According to the report, founder John Sandberg began registering domain names related to Hurricane Sandy and anticipated relief efforts in the week before the storm actually hit and filed paperwork to register his non-profit organization on October 30 – the day after the storm left the area. According to the report, Sandberg explained that he anticipated that existing relief groups and government agencies would be overwhelmed if the destruction turned out to be as dire as forecasters had warned. The reality is the destruction was far worse than any forecaster predicted, but there were very few people in our area who were prescient enough to know that in advance.
“Nobody’s been out there since day one like we were – nobody,” Sandberg, 30, is quoted as saying. Sandberg, a real estate salesman shares a home in Sussex County with his girlfriend and charity co-founder Christina Terracino, 27, who is an accountant.
“We were out there before the Red Cross. I was delivering pallets of Vitamin Water all across South Jersey since week one, before anybody had anything,” Sandberg asserted.
As a person who was directly involved in relief effort in the first 36 hours after the storm made landfall, I'll disagree with Sandberg’s claim. Although the Red Cross and FEMA were slow in responding, tens of thousands of private volunteers and private-sector relief groups were in the affected areas almost immediately. On the Tuesday evening after the storm, a relief supply drop-off point set-up at Toms River North High School had five school buses filled top to bottom and stem to stern with clothing and blankets. I speak for the tens of thousands of people who were out there immediately when I say I take exception to Sandberg's claim that he was "out there before anybody."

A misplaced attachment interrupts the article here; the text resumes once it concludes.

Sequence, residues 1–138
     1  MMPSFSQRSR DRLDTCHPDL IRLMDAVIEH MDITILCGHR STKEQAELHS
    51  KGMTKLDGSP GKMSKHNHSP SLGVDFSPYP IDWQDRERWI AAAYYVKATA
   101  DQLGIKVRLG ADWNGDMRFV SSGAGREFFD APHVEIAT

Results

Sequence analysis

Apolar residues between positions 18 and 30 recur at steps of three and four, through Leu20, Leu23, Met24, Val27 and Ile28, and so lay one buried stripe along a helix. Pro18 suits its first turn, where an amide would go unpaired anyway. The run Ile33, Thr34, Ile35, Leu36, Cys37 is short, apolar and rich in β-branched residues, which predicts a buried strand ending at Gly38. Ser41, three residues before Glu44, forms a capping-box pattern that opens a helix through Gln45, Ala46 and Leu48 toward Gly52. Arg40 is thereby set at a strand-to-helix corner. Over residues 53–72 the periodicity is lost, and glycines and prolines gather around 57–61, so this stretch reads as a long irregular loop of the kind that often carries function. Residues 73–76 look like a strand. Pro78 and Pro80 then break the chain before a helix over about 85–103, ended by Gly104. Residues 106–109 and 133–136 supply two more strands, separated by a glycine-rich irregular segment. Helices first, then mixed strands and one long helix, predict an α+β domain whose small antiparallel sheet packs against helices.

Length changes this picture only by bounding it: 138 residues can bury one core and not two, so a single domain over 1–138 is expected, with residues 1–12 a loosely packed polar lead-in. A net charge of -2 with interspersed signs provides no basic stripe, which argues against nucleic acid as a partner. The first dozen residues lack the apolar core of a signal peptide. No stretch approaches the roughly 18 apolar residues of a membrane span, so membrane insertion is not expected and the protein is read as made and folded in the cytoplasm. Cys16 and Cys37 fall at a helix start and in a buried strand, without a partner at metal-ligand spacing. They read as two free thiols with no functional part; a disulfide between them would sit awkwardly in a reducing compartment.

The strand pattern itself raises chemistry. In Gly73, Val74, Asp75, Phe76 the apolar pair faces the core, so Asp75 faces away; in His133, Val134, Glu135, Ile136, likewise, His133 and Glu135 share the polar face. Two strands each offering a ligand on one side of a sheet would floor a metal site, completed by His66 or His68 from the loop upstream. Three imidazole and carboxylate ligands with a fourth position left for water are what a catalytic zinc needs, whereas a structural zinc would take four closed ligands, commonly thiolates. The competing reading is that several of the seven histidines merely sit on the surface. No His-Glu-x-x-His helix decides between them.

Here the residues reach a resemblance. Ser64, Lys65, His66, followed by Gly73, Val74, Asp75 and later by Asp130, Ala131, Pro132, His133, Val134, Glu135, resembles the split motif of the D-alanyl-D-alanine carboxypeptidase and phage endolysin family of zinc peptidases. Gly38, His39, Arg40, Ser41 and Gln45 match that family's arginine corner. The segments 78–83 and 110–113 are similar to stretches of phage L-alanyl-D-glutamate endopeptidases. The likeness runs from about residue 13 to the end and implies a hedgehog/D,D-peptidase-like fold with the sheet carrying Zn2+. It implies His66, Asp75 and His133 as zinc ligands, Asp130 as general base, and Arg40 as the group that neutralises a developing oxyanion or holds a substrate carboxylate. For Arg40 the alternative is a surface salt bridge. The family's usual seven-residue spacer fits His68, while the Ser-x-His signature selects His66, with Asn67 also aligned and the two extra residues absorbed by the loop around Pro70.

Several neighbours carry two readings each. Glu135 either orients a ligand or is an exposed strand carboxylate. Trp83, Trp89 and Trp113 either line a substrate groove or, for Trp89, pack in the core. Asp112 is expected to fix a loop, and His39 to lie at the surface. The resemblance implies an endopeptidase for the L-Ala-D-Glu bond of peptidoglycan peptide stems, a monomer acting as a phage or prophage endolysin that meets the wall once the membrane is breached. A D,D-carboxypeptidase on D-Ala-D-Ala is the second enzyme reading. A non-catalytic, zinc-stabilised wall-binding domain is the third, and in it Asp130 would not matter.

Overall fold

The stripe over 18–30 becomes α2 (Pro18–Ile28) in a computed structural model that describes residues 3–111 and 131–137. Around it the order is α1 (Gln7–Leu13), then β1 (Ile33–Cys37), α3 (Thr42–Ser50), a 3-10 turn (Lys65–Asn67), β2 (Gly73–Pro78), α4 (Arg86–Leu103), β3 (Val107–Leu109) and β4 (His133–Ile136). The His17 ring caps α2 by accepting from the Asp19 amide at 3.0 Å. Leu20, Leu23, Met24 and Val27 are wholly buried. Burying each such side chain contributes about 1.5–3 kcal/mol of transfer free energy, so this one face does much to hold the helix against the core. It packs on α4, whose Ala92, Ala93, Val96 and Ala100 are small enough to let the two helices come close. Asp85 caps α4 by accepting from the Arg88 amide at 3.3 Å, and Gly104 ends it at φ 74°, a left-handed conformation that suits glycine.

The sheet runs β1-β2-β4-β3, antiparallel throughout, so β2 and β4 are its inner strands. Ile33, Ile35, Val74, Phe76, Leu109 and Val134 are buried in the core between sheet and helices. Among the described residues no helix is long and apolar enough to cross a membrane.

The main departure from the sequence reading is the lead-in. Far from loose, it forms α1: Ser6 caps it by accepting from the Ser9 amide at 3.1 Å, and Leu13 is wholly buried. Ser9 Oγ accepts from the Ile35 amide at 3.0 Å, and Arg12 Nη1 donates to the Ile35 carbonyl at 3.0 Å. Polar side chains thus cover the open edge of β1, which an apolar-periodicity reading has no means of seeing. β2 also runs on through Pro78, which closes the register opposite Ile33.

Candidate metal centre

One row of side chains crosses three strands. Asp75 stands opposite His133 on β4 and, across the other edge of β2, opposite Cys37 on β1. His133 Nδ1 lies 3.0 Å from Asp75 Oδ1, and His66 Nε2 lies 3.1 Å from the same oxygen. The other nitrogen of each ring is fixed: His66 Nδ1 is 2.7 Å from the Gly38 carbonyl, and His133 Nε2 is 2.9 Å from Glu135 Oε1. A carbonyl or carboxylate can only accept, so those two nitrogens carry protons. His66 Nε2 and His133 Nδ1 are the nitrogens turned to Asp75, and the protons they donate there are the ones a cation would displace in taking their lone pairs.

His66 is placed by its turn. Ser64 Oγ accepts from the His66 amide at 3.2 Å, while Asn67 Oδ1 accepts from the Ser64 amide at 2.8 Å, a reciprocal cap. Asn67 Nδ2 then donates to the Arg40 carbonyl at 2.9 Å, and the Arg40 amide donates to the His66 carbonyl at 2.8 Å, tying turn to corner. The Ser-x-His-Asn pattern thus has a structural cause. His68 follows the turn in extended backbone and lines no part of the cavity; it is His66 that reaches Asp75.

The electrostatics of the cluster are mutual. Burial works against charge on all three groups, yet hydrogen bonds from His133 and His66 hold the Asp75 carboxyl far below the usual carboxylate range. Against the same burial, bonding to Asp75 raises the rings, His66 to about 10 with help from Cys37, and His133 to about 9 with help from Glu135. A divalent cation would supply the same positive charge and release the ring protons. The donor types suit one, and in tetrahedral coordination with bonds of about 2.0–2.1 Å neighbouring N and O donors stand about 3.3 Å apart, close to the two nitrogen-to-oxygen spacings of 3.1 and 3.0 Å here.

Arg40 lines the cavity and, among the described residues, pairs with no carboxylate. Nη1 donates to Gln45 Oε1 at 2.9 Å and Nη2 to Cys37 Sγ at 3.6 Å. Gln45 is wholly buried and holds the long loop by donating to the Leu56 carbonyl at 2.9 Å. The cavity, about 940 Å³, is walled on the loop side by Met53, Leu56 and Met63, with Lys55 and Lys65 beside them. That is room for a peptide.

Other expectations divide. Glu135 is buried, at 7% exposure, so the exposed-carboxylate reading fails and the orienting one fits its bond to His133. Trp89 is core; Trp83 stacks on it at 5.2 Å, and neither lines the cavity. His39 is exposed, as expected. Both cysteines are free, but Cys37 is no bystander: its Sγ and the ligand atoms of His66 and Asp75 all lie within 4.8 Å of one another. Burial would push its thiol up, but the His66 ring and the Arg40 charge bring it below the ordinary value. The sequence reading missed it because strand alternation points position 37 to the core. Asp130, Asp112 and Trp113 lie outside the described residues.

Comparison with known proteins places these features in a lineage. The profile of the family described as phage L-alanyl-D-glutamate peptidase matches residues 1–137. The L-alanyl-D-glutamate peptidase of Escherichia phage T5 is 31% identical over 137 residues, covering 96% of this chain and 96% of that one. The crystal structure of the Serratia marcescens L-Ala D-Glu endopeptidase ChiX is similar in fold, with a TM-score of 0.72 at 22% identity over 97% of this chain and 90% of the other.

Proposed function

When asked about similarities between Christie’s relief organization and his own, Sandberg commented that “technically [Christie] copied me." His reference was to the domain registration, even though legally Sandberg never actually registered his charity. Internet domain registrations do not take precedence over legal filings.
In fairness to Sandberg’s charity, HSRF has donated supplies and gift cards totaling almost $650,000 from received donations.
However, as of the report’s publication, the Hurricane Sandy Relief Foundation as yet to distribute over $800,000 in cash donations received through its website. “I wouldn’t say we’re in over our heads, but I think we definitely put the brakes on at the right time to re-evaluate, you know, before making a mistake,” Sandberg said.
The HSRF is not registered as a charity or a tax-exempt organization in the State of New Jersey or with the IRS, in spite of claims to the contrary on its website.
Hundreds of grassroots organizations sprang up in the aftermath of the storm, and while there are bound to be organizations being set up by people with ill-intent, it is also just as possible that in cases like Sandberg’s HSRF, the founders are simply ill-equipped to handle the crush of donations.
Speaking from experience, I raised almost $8,000 worth of gift cards and hard goods in the three weeks immediately following the storm simply through appeals on social media outlets. I discouraged monetary donations and made the point to know that once the $10,000 limit had been reached I was liable to the IRS to report the donations. My point is, I expected maybe a thousand dollars after begging and cajoling and I was not prepared for the avalanche of love and support from people from around the country. I suppose the benefit of the doubt is the proper course to take here, but after reading the entire report I can’t help but feel uncomfortable about HSRF.
The Red Cross, through my own personal experience, is not an organization I would donate to, but as reported here earlier in the week, the Robin Hood Foundation seems to be doing fabulous work providing relief. There are hundreds of others. The needs are still great, especially in the hardest hit areas on the barrier island in Ocean County and the Bayshore area in Monmouth County, and charities who muddy up the waters of goodwill with either irresponsible or nefarious actions only hurt the people who are still trying to rebuild their lives.
Read the full Asbury Park Press report here.
To check a charity’s tax-exempt status, refer to the IRS online database or call 977-829-5500.
Donations are still needed, and will be for sometime. It's far too soon in the journey for the rest of us to forget about the affected.